California's largest industry group for doctors is calling for the legalization of marijuana even as it maintains that the drug has few proven health benefits.
Trustees of the California Medical Association adopted the new stance at its annual meeting Friday in Anaheim, according to a Los Angeles Times report ( http://lat.ms/qR96hb).
Dr. Donald Lyman, the Sacramento physician who wrote the group's new policy, said doctors are increasingly frustrated by the state's medical marijuana law, which allows use with a doctor's recommendation. Physicians are put in the uncomfortable position of having to decide whether to recommend a drug that's illegal under federal law, Lyman said.
"It is an open question whether cannabis is useful or not," he told the newspaper. "That question can only be answered once it is legalized and more research is done. Then, and only then, can we know what it is useful for."
The CMA acknowledges health risks associated with marijuana use and proposes regulation similar to alcohol and tobacco, but the group says the consequences of criminalization outweigh the dangers.
The federal government considers cannabis a drug with no medical use. The CMA wants the White House to reclassify it to help promote further research on its medical potential. Earlier this year, the Obama administration turned down a request to reclassify marijuana. That decision is being appealed in federal court by legalization advocates.
Lyman called current laws a "failed public health policy."
But critics within the medical community said association leaders did not consider the broader implications of legalizing marijuana.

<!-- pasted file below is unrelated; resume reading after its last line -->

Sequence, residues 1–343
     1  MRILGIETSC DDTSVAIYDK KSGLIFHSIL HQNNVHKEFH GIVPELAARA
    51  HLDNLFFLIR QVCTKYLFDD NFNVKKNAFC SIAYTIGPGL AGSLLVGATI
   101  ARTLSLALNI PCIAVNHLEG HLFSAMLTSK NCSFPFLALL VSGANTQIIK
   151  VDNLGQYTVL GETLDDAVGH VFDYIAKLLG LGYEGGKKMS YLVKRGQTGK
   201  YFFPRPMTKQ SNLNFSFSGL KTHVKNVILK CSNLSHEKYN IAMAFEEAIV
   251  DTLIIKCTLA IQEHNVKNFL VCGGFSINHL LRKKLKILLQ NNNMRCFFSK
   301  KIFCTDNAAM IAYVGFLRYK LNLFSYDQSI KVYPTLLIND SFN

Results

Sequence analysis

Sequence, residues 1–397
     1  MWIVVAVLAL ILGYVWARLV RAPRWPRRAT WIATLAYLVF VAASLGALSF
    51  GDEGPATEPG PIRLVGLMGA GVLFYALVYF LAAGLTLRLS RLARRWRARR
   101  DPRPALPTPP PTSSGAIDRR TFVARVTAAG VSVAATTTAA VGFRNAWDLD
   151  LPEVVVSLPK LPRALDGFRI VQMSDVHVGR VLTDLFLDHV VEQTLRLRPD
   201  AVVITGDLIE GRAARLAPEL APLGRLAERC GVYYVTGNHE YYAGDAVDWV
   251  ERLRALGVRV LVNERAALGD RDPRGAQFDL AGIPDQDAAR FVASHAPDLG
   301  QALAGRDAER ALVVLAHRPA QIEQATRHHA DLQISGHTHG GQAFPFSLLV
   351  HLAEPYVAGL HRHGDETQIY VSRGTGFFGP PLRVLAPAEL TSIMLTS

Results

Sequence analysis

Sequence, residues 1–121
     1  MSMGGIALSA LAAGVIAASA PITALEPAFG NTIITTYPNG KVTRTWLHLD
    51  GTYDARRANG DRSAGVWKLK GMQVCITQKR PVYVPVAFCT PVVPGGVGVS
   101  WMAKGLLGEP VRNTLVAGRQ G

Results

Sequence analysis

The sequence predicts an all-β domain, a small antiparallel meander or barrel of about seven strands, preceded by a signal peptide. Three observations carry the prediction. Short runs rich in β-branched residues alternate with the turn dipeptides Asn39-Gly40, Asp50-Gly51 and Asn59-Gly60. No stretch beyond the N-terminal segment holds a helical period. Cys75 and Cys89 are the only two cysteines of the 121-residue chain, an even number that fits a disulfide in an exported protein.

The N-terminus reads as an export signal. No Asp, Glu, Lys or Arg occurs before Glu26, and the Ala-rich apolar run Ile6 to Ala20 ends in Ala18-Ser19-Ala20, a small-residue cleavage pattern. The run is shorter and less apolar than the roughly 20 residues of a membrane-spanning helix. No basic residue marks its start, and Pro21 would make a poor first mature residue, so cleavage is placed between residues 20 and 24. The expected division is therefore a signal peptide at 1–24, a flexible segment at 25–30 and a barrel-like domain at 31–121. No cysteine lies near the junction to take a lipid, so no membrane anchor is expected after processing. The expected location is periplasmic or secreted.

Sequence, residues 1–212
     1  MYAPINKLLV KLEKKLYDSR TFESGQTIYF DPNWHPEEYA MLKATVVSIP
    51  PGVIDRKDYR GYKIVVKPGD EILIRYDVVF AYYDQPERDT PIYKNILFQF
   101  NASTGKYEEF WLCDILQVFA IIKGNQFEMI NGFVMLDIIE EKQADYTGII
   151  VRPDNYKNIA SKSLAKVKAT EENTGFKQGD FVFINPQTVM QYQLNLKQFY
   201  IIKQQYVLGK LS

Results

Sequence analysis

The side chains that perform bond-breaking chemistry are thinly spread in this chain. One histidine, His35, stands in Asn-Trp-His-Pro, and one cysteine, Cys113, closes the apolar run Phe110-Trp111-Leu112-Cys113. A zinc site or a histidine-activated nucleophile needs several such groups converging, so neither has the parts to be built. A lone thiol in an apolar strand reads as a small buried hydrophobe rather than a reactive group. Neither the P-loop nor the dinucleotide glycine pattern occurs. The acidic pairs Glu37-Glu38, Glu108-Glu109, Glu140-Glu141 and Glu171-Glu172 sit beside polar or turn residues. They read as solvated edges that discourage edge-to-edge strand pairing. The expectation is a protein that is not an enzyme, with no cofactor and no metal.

"I think it's going to lead to more use, and that, to me, is a public health concern," Dr. Robert DuPont, an M.D. and professor of psychiatry at Georgetown Medical School, told the Times.
Members of the CMA, which represents more than 35,000 California physicians, were informed of the trustees' vote Saturday. It is the first major medical association in the nation to urge legalization of cannabis, according to a group spokeswoman.
The group's decision provoked an angry response from some in law enforcement.
"Given everything that we know about the physiological impacts of marijuana _ how it affects young brains, the number of accidents associated with driving under the influence _ it's just an unbelievably irresponsible position," said John Lovell, spokesman for the California Police Chiefs Association.
The CMA's parent organization, the American Medical Association, has said the federal government should consider easing research restrictions, according to the Times.
Information from: Los Angeles Times, http://www.latimes.com